Giants receive 2014 World Series rings 

click to enlarge Members of the 2014 Giants received their 2014 World Series champions rings during a pregame ceremony Saturday. - COURTESY GIANTS
  • Courtesy Giants
  • Members of the 2014 Giants received their 2014 World Series champions rings during a pregame ceremony Saturday.
The championship banner fell out of the sky, accompanied by a skydiver, and the Giants’ pregame ring ceremony began with a flourish Saturday.

The Dick Bright Orchestra serenaded the sellout crowd with Scott McKenzie’s 1967 anthem “San Francisco (Be Sure to Wear Flowers in Your Hair).”

For the third time in five years, the Giants held a ceremony at AT&T Park to hand out World Series rings to players and staff.

“A lot goes through your mind,” Giants manager Bruce Bochy said. “It’s about all the special memories we had and the people who helped us. What’s special for me is a guy like Huddy [Tim Hudson], who gets a ring for the first time. It’s a time to remember what a special year we had.”

Bochy was among the first to receive his ring. The Giants also presented rings to five of their Hall of Famers in attendance: Willie Mays, Willie McCovey, Orlando Cepeda, Juan Marichal and Gaylord Perry.

World Series MVP Madison Bumgarner took the field to chants of “M-V-P! M-V-P!” and injured outfielder Hunter Pence received the loudest ovation as he trotted onto the field, emphatically waving his arms.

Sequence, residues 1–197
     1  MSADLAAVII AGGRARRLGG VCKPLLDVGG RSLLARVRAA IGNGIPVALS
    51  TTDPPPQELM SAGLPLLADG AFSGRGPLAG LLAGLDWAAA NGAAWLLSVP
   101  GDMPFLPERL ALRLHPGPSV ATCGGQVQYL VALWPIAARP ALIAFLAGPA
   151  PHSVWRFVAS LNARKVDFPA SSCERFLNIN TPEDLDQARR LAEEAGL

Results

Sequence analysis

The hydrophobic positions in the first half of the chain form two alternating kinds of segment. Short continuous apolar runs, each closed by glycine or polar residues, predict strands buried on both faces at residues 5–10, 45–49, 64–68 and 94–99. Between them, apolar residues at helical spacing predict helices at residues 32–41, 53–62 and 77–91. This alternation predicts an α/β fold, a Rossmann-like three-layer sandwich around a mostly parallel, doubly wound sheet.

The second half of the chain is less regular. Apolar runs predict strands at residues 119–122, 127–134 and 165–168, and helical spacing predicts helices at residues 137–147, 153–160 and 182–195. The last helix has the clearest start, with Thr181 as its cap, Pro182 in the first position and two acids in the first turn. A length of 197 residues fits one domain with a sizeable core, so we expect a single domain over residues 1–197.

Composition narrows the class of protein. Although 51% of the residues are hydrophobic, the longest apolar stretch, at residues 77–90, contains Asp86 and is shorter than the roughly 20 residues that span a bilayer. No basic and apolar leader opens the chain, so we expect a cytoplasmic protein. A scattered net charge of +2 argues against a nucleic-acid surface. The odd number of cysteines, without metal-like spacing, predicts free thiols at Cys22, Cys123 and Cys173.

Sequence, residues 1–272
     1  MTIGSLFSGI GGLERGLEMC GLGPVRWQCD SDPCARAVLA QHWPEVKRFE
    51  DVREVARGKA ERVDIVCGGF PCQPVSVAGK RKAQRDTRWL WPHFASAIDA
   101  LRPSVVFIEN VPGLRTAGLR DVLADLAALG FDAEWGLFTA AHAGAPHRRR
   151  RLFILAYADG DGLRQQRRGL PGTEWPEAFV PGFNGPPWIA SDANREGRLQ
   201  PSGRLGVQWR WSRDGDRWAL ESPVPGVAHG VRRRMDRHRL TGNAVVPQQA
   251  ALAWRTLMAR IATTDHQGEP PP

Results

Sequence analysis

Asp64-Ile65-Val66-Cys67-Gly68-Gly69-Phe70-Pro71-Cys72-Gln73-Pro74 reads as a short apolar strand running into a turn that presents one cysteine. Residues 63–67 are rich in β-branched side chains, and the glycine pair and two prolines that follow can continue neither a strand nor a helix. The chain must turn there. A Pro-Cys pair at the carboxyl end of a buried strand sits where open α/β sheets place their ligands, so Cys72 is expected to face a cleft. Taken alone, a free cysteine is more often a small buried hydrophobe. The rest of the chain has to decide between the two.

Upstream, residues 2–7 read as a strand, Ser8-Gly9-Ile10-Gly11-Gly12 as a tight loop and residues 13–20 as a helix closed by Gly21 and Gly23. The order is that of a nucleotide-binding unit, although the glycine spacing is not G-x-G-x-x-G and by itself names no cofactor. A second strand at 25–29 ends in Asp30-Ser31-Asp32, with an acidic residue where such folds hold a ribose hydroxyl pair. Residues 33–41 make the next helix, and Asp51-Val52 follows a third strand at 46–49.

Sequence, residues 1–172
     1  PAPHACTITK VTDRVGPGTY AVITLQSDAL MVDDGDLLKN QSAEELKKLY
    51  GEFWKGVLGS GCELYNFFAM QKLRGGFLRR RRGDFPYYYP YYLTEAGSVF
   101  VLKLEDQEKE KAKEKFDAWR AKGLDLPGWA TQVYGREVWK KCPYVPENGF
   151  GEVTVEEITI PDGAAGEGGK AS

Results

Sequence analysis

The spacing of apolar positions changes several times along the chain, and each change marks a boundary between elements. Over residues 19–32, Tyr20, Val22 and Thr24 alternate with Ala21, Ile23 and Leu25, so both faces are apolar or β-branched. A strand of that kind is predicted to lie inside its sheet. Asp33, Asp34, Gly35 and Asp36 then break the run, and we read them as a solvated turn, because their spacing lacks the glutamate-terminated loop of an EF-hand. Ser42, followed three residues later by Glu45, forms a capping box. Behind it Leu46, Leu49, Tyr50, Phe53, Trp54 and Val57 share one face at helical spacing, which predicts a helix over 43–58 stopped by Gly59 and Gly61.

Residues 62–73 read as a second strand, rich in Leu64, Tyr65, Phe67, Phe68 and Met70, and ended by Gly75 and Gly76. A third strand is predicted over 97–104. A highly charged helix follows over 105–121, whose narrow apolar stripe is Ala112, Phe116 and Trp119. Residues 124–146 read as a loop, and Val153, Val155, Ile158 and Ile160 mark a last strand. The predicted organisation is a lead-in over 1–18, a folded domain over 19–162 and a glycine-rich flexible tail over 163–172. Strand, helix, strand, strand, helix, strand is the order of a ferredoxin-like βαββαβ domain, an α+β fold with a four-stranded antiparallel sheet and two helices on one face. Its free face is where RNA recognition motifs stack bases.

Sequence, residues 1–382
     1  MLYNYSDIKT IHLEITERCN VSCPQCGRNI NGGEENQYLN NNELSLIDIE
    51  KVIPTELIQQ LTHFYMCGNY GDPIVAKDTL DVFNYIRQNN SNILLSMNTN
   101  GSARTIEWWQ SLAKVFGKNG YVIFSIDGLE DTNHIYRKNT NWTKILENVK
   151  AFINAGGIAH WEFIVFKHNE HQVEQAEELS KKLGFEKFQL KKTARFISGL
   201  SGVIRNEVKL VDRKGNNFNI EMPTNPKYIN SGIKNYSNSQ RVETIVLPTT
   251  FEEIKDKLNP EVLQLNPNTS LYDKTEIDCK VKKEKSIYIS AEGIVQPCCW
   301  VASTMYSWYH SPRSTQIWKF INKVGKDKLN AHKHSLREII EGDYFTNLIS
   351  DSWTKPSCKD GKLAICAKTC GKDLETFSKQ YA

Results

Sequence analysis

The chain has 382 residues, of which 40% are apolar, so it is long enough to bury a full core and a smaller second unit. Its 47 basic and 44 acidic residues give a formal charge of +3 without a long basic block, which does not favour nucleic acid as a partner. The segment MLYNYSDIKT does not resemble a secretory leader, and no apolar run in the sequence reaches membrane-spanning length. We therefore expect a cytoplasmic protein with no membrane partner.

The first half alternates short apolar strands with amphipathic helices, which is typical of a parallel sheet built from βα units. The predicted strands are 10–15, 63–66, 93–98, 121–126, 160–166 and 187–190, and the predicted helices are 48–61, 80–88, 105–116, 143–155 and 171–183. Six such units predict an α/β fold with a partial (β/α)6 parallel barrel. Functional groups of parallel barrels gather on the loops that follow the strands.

Catcher Andrew Susac — recalled Saturday from Triple-A to replace starting pitcher Jake Peavy, who was placed on the 15-day DL for muscle spasms — and Travis Ishikawa, who is on a minor-league injury rehabilitation assignment, also were in attendance. Ishikawa hit the home run that won the NL pennant for the Giants. Tim Hudson, who made his major-league debut in 1999, earned his first World Series ring and left-hander Javier Lopez his fourth ring, the most among active players. He also won with the 2007 Boston Red Sox.

Former Giants third base coach Tim Flannery sang the national anthem. For the ceremonial first pitches, players threw balls into the stands.

The Arizona Diamondbacks watched the ceremony and cheered.

“I just think it’s cool for them,” Diamondbacks manager Chip Hale said. “It’s not easy to do and it’s something that everybody, when we start the season, is aiming for. We’re all trying to get there.”
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